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Lieut., was born in Edenton, North Carolina, on the 16th of May, 1890. He was a son of Judge and Mrs. W. M. Bond. After attending the Graded School at Edenton he was sent to Randolph-Macon Academy at Bedford, Virginia, and from there was later sent to the University of North Carolina at Chapel Hill. There he united with the Delta Kappa Epsilon Fraternity, and after completing his studies at said University he remained there and read law. Completing his law course, he passed the examination for license to practice before the Supreme Court of North Carolina before his twenty-first birthday. At each of the schools he was regarded as a close and diligent student, and in the few years after he received his law license he rapidly arose in the profession. He was of broad reading, with most retentive memory, a strong public speaker and most interesting in private conversation. Never having been connected in any way with military service, when trouble was threatened along the Mexican border he volunteered and became a member of Company I, an old Edenton military company. He was soon thereafter sent to Camp Glenn, in North Carolina, and after staying there several weeks was sent with his company to the border. When the trouble there had subsided, the regiment to which he belonged was returned to Goldsboro, N.C., and was not disbanded, as it then seemed very certain that our government would soon be involved in war with Germany. Serving at Goldsboro, Charlotte, Hillsboro and other places in guarding bridges and performing various details of military service, he was finally sent to Camp Sevier, near Greenville, S. C. There he remained until he was sent, in May, 1918, as a member of Company L, 119th Infantry, Thirtieth Division, to France. He remained attached to that company until he was sent to a competitive school in Langres, France. After remaining at said school for a period of time he was commissioned and assigned to Company L, 39th Infantry, Fourth Division. On October 10, 1918, he was mortally wounded in battle near Bois de Foret in the Argonne Forest, and from there was finally removed to the hospital in the city of Limoges, where he died from the wounds on November 10, 1918, and was buried in the American Military Cemetery at Limoges, France. He was at all times connected with the Infantry and his commission as Second Lieutenant was dated September 25, 1918.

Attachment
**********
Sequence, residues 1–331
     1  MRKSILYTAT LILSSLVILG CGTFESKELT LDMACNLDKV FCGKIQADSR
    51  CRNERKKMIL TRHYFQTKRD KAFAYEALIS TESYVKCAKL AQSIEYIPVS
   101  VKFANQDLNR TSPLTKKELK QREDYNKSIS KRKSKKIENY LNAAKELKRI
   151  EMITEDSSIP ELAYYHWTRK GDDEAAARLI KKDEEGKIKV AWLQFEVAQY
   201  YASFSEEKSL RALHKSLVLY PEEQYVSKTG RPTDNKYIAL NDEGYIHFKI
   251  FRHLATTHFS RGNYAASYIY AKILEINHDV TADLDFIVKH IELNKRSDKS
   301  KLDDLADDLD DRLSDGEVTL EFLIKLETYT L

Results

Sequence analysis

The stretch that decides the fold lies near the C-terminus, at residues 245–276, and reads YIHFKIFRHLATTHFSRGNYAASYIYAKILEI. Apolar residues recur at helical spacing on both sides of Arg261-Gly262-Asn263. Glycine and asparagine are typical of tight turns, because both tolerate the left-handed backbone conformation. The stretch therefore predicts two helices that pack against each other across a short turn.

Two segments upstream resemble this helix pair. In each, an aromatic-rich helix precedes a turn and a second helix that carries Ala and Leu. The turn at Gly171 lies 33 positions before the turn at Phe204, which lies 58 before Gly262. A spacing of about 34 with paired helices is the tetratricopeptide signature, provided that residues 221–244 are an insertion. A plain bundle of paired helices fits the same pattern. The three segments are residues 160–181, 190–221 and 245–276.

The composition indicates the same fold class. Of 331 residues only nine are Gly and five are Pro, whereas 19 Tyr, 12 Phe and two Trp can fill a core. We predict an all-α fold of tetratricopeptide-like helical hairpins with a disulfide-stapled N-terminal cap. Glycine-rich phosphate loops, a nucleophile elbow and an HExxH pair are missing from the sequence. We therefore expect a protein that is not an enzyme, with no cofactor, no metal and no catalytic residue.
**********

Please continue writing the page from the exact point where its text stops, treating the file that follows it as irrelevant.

Letters from comrades received since his death impute to him full and complete discharge of his duty and speak in the highest terms of his valor and determination as a soldier. He appeared to regard his service to his country as a matter of patriotic duty, which is attested by the fact that a few days before he was wounded he closed a letter by saying:
“No matter what happens, don’t worry about me. I hold my life a matter of little concern in great questions affecting humanity and civilization.”
His older brother lives in Denver, Colorado, practicing law there. His younger brother, before his twentieth birthday, filed application for enlistment into the Aviation service.
The subject of this sketch was well educated, of high character and widely acquainted.
Lieut. Bond was the only member of the D. K. E. Fraternity at the University of North Carolina who died in battle or from wounds received in battle, and the society has requested and received a large photograph of him which now hangs on its wall in their hall at Chapel Hill.